TS-M: Because they intimately know their neighbors. They know culturally how their communities function. And they know how to get to their membership in the best possible manner. So, in one community, it might be working through mobile slaughter [units]. In another community, it might be distribution of food boxes. In another community that’s not so far removed from a town or city, it might be working with food banks. And so those community members, the tribal governing authority — they know that better than an outside entity, better than a state entity.

A lot of our tribes have economic arms of their tribal government that have some type of food- or agricultural-based business. They utilize those businesses to get that food to their community members. And that’s the model we want to see. Those producers within those communities can sell their food locally. It reduces transportation and storage costs, it reduces or works toward eliminating issues that you would see in long transportation. In the end, they will save money, because these communities will have additional dollars, so the value of their dollar will remain stronger, won’t be chipped away by having to go through multiple states or processing plants or transportation companies. And, again, if we have natural disasters, we have a pandemic, then the communities can stand up and serve their citizens, as opposed to waiting for Washington, D.C., or even the state capital to try to get to them.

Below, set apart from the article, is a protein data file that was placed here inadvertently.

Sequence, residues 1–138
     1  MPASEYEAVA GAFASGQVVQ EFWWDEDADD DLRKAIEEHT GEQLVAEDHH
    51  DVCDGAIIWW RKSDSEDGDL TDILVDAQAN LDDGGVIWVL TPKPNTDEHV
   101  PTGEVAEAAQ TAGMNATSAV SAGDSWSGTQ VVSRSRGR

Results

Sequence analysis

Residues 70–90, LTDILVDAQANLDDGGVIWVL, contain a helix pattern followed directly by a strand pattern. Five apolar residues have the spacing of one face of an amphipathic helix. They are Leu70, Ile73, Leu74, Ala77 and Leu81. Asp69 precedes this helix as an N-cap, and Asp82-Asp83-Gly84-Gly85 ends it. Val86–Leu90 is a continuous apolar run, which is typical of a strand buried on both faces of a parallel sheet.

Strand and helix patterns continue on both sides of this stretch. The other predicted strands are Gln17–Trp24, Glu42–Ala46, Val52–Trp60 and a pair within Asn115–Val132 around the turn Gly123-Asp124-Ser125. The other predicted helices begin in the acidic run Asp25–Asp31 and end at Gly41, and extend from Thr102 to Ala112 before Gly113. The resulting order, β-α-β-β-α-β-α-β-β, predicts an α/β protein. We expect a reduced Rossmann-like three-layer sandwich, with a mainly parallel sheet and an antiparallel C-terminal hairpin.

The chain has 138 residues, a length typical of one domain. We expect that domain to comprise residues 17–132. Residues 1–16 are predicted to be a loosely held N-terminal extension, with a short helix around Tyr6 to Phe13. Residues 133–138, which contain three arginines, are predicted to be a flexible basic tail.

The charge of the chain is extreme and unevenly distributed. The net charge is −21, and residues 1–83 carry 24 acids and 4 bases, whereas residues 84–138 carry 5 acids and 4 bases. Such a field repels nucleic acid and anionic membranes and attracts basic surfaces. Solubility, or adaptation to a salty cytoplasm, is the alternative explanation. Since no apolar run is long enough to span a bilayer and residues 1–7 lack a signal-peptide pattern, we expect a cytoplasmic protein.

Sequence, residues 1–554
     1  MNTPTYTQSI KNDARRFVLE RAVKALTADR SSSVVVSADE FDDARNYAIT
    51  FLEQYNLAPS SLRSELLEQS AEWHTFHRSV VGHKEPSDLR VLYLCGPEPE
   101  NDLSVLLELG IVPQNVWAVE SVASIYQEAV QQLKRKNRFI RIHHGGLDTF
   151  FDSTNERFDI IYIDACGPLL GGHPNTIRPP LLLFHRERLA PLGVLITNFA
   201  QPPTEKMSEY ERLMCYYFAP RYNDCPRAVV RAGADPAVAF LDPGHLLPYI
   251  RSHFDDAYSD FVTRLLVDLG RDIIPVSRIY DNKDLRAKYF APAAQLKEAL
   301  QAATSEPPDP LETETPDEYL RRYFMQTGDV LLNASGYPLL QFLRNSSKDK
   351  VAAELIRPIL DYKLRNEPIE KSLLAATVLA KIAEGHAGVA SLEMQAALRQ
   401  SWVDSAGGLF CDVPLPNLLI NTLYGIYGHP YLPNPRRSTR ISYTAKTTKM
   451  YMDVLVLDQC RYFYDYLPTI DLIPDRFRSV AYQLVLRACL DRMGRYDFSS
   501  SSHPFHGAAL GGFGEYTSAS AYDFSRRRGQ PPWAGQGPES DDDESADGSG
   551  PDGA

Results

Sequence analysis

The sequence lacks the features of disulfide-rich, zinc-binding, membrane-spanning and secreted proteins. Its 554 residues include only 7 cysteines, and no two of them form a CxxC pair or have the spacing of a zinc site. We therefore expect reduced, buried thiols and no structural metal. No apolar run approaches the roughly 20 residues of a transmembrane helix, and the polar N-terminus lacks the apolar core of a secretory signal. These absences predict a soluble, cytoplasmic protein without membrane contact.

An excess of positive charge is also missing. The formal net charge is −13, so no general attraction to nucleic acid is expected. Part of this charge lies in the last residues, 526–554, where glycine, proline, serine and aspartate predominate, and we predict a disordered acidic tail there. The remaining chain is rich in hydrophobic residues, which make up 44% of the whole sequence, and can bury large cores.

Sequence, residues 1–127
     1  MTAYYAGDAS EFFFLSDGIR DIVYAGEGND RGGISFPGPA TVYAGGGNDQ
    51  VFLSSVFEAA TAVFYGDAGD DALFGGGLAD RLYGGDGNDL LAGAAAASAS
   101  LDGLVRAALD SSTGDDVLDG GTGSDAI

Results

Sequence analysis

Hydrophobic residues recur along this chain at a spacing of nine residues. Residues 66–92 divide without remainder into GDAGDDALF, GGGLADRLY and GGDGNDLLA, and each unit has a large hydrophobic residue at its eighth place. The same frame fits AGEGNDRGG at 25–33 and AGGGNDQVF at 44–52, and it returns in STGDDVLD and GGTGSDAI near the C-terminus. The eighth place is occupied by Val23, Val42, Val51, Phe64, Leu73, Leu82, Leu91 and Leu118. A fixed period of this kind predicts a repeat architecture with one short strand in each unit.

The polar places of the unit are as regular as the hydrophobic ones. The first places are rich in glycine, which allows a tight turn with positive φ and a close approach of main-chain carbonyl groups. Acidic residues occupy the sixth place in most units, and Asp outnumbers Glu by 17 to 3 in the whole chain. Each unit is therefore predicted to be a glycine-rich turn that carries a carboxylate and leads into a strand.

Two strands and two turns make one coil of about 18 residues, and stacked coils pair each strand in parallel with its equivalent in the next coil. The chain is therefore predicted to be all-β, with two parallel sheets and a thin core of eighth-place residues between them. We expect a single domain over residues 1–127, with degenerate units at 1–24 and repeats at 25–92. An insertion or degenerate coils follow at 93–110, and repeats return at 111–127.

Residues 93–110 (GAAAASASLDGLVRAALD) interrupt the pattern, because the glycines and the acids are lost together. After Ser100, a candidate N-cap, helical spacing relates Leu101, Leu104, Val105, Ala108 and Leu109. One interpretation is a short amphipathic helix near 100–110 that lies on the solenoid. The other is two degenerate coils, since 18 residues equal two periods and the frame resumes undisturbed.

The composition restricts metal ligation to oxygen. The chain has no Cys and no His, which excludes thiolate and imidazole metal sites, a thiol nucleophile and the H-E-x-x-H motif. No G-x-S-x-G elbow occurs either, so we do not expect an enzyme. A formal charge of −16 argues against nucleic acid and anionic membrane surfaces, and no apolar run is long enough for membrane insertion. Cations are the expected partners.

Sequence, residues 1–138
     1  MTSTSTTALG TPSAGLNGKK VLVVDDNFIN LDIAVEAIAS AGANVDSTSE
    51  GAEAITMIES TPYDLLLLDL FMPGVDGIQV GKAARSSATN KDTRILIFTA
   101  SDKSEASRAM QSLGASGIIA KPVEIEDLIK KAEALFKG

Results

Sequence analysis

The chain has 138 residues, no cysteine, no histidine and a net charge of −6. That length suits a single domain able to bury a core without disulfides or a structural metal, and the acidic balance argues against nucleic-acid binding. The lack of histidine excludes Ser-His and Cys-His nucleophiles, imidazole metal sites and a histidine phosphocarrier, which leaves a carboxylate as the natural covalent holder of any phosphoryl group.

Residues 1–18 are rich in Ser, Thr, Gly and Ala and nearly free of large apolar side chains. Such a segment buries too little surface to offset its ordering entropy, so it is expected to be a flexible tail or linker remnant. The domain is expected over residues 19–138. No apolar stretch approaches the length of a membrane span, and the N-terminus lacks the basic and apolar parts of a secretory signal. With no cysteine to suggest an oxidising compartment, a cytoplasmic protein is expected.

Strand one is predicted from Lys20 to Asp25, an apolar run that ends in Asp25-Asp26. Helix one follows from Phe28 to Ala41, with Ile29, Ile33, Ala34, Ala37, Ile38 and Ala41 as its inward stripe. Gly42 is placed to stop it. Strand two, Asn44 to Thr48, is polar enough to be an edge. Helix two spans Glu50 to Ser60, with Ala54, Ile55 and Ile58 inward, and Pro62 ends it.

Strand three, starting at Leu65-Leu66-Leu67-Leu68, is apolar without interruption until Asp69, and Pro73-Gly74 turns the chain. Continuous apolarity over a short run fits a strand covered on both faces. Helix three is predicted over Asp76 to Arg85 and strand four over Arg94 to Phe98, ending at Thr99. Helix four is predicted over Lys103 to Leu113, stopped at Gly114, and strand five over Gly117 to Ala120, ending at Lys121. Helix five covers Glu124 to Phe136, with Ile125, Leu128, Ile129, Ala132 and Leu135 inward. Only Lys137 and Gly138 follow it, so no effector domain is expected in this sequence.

If you look at Eastern Washington, the Yakama Nation and the Colville Confederated Tribes, collectively, we have close to 10 million acres. The export industry in cherries and apples alone is in the billions — and yet our tribes are not billionaires. So there’s an opportunity there to pivot and diversify away from, say, gaming, and work towards making agriculture not only a food-security issue, but an economic development opportunity.

HCN: Are you optimistic that Congress is going to take this data into account and begin to more deeply or meaningfully empower tribal communities to support themselves through their own agricultural infrastructure?